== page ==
Shangri-La - 2007

Part One:

An Amazing Trip Through Time
Exploring the Changing Face of China:
Shangri-La to Shanghai
September, 2007

When I think of adventure travel, testing my limits, seeking the exotic, or facing the unexpected most often pop into my mind.

Planning this trip to China, adventure travel wasn't on my agenda. I realized, however, that I was headed for a still pretty remote region and would be journeying through the old China and the new.
It started out simply as a trip planned with the Orient Odyssey company to explore China's Yunnan Province. My travel friend Jean Krebs and I would join a twelve-person group to explore Yunnan and then take off on our own for Guangxi Province. I chose Yunnan because it is located in the southwest corner of China, bordering on the Himalayas and Tibet to the northwest and Burma, Laos and Vietnam on the south. It is home to a third of China's ethnic minorities, including the Yi, the Bai, and the Naxi, as well as Tibetans and Mongols, and I wanted to visit several of these interesting minority cultures along the way.

Since I had a jarring 22-hour flight to China in store, why not add on a flight to Guilin while I was there, I thought. Doing that, I could finally sail down the Li River. This was an experience I had always dreamed of and here was my perfect opportunity! If you've seen the recent movie, "The Painted Veil" or an assortment of other historical China flicks, you'd recognize the spectacular limestone cliffs rising above the misty banks of the Li River. One of the most scenic landscapes in China, it appears in many famous Chinese paintings.

This itinerary combined two of my most recurring travel obsessions—a desire to explore the ancient Silk Road (Yunnan provided a key route for Southern Silk Road merchants to carry precious silk, spices and jewels to Europe.) and perhaps my last chance to test my endurance in the thin air of a high Tibetan plateau of the Himalayan mountains.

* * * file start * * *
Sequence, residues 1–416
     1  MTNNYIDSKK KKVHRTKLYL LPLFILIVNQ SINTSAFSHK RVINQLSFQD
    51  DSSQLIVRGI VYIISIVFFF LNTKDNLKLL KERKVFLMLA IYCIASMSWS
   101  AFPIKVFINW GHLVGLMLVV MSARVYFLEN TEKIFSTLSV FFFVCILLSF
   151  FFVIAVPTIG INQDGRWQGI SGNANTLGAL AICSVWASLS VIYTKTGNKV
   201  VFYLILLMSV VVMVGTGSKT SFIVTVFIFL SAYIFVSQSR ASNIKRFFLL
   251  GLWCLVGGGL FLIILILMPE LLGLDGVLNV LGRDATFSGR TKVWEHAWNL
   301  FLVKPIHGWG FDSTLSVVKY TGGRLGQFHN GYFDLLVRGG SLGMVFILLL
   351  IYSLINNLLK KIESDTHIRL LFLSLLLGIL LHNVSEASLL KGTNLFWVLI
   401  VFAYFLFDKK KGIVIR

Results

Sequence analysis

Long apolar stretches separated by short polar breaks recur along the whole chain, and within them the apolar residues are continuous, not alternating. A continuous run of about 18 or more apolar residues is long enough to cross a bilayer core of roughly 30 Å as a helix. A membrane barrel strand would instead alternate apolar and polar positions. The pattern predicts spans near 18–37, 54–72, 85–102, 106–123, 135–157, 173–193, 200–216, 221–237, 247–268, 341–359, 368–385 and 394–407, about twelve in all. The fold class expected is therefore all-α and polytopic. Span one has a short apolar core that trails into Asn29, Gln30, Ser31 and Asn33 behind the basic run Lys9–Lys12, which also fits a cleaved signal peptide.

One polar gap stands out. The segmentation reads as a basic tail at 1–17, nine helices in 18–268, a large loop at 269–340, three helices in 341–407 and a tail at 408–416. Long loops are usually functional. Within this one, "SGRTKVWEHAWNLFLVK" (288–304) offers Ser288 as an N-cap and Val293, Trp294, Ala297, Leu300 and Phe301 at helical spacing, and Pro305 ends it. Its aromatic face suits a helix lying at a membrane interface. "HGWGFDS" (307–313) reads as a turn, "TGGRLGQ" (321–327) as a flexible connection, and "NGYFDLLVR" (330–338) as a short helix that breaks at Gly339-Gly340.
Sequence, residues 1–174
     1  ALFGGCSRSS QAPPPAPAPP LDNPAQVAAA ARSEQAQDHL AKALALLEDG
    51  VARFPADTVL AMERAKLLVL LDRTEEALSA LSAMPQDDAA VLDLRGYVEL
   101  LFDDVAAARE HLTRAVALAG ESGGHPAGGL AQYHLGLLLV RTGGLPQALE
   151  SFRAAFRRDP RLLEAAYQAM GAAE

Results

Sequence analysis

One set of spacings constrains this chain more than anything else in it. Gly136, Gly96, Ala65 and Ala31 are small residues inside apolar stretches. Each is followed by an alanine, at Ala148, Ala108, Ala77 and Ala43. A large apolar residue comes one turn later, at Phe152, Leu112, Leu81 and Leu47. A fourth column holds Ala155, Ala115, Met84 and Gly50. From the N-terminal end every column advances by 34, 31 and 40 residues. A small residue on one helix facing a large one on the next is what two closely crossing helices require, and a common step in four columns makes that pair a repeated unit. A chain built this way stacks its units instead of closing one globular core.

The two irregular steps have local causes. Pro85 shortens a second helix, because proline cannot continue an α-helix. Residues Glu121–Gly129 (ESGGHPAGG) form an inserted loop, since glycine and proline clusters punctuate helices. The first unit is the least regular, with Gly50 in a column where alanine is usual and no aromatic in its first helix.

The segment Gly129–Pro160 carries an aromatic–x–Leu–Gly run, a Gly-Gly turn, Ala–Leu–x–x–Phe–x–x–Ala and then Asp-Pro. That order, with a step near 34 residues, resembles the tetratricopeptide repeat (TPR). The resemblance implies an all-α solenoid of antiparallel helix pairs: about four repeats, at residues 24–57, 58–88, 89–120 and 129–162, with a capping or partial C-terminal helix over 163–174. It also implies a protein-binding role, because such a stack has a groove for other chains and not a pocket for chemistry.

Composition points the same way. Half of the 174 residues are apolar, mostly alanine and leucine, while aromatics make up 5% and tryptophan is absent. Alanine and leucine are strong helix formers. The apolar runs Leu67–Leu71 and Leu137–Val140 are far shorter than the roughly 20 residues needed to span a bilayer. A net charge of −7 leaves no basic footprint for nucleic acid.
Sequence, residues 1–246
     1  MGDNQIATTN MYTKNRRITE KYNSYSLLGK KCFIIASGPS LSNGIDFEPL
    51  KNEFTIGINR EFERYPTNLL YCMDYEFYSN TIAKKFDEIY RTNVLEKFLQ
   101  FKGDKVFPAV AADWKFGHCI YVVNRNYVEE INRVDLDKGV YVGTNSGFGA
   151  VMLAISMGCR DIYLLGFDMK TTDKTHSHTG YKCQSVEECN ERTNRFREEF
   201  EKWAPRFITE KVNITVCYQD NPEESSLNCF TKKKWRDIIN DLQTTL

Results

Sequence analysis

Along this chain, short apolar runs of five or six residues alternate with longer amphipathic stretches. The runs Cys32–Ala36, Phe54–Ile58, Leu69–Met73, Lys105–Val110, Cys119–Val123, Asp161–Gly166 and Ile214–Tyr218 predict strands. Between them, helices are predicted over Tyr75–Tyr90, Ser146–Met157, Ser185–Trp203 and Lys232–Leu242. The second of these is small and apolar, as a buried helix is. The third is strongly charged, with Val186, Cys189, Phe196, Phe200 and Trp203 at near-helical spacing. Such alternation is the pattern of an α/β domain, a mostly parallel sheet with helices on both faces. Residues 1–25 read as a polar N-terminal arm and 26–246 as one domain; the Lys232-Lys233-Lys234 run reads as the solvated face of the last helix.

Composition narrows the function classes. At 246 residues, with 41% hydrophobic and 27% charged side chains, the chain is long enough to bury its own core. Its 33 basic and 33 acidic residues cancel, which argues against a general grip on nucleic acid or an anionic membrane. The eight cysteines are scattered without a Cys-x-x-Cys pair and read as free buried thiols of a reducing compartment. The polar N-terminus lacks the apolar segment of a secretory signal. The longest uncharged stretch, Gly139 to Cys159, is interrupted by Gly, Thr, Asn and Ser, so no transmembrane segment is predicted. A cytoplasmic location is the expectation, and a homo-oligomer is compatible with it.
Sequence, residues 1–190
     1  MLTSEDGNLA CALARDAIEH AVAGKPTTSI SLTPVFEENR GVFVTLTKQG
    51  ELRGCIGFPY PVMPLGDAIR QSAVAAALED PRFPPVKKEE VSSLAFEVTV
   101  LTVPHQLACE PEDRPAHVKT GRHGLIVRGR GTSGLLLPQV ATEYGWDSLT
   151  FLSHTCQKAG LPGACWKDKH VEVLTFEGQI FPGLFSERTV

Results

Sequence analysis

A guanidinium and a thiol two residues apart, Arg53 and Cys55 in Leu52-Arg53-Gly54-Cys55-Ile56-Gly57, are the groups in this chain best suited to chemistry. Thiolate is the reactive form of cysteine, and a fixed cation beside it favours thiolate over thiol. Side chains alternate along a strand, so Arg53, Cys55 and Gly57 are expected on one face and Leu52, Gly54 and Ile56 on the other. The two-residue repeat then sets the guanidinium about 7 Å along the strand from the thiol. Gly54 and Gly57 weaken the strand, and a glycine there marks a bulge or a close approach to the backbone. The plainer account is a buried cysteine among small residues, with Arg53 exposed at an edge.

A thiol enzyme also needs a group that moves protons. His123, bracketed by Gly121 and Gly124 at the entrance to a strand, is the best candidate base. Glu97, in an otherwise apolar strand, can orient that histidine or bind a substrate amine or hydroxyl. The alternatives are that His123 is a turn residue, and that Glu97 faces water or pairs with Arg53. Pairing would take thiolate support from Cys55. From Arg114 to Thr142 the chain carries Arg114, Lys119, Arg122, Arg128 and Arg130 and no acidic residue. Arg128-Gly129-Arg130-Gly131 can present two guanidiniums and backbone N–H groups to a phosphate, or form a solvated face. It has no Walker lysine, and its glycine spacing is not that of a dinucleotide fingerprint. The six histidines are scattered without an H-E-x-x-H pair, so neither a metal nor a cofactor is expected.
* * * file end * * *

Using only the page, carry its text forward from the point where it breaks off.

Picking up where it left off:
I worried about the lack of oxygen I'd be faced with in the high altitude of Shangri-La (Zhongdian) in the Himalayas, but I wouldn't let this minor problem deter me. After all, Shangri-La is reputed to be the mythical setting of James Hilton's 1933 novel, "Lost Horizon." In Shangri-La, I had read, you would remain young for 200 years if you never left the sacred mountain village. I began to daydream that once there, I'd never return home, or better yet, would resurrect my lost youth during this short China idyll. Whatever!

These, and other potential challenges awaited me as I journeyed through time to this mythical mountain kingdom, hiked the strenuous trail into Tiger Leaping Gorge, struggled up hundreds of ancient stone steps to visit mountain-top Buddhist monasteries, and wandered through centuries-old farm villages to learn how different minorities lived.

Well, I'd love to captivate you with a romanticized tale of adventure--perhaps an unexpected encounter with the Dalai Lama in Shangri-La or uncovering a priceless jade Buddha statue buried in the mounds of trinkets piled high in every market stall we explored.
Unfortunately, I can't.